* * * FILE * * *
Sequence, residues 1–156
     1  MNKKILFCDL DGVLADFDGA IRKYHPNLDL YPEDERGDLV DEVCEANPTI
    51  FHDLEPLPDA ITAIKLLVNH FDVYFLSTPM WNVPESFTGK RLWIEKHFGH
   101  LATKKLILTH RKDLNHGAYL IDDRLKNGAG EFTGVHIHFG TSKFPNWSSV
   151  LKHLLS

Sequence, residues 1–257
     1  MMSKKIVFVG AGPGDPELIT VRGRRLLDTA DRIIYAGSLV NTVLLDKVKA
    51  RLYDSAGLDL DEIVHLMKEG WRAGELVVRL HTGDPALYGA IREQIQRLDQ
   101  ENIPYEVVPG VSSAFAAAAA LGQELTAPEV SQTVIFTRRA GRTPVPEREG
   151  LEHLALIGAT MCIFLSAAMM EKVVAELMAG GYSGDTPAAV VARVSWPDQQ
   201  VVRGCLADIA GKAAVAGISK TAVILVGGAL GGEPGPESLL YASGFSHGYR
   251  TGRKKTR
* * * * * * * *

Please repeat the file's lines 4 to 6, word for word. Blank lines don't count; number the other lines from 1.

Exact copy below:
   101  LATKKLILTH RKDLNHGAYL IDDRLKNGAG EFTGVHIHFG TSKFPNWSSV
   151  LKHLLS

Sequence, residues 1–257